Greetings from the Australian National University in Canberra, where I am attending a workshop for Early Career Academics (ECAs) on innovation. It was pointed out that as well as measures of academic output in terms of appears produced, the reputation of the university is also important as Australian universities earn a significant proportion of their funding from international full-fee paying students.
One problem for ECAs is that more and more PHDs are being produced and so there are proportionally fewer jobs in research, particularly in universities. Most new PHDs will not go on to research, but have to do teaching or work in industry, even if they come back to research later. What this suggests to me is that PHDs will need extra skills, in particular teaching skills and it would be better if they got those skills while doing their PHD, rather than later.
The workshop was told that there was little scope for growth in international student numbers. It was suggested that the area for growth was industry involvement. However, I suggest another area is retraining of the current workforce for new jobs.This is in addition to redesigning university degrees so they provide job-ready skills.
The workshop was told about the difference between creativity and innovation: creativity being about novelty and usefulness and innovation and implementation, which goes a step beyond.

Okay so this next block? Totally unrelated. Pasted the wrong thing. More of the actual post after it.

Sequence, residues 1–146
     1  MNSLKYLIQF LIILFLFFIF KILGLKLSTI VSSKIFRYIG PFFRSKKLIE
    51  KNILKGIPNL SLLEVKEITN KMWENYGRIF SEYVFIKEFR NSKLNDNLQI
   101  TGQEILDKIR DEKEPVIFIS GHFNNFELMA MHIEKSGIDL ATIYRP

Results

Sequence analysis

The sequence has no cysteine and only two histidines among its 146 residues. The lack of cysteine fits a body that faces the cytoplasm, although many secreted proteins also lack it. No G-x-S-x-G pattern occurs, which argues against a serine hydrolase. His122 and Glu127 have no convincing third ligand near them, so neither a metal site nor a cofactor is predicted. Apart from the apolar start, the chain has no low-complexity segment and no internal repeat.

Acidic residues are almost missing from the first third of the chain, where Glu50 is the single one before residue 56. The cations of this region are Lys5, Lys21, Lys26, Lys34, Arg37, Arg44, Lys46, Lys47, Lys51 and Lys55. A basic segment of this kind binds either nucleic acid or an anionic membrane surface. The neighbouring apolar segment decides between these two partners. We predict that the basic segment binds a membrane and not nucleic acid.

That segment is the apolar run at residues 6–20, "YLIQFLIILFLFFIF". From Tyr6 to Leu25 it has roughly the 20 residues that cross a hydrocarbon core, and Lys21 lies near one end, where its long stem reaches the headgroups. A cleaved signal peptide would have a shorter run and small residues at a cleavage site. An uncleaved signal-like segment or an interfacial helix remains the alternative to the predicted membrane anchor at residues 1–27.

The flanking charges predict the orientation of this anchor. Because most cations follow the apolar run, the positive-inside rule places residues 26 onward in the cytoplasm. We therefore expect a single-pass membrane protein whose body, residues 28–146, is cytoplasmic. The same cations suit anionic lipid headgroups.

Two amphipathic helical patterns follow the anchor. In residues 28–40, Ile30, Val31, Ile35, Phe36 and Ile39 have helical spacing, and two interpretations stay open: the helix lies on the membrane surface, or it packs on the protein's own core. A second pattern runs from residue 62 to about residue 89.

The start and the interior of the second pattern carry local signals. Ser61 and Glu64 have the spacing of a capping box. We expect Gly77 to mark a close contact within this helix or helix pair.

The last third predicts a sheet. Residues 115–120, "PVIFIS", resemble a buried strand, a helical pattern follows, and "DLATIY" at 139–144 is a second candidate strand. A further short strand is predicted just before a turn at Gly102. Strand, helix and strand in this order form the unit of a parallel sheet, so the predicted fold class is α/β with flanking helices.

The workshop heard from the ANU Research Services, Academy of Sciences Early Career Research Forum and ANU Edge.
It was interesting to see how innovation being done at ANU compared to other universities and countries, in particular Cambridge University and the UK. I see something I wrote on this in 1997, got a mention in a Cambridge University study: "A pilot study on the emergence of university-level innovation policy in the UK".
ps: A surprise last speaker at the innovation workshop was Pia Waugh, on data.gov.au and GovHack. She mentioned that next years GovHack may be a "follow the sun" event, held at sites around the world in different time zones.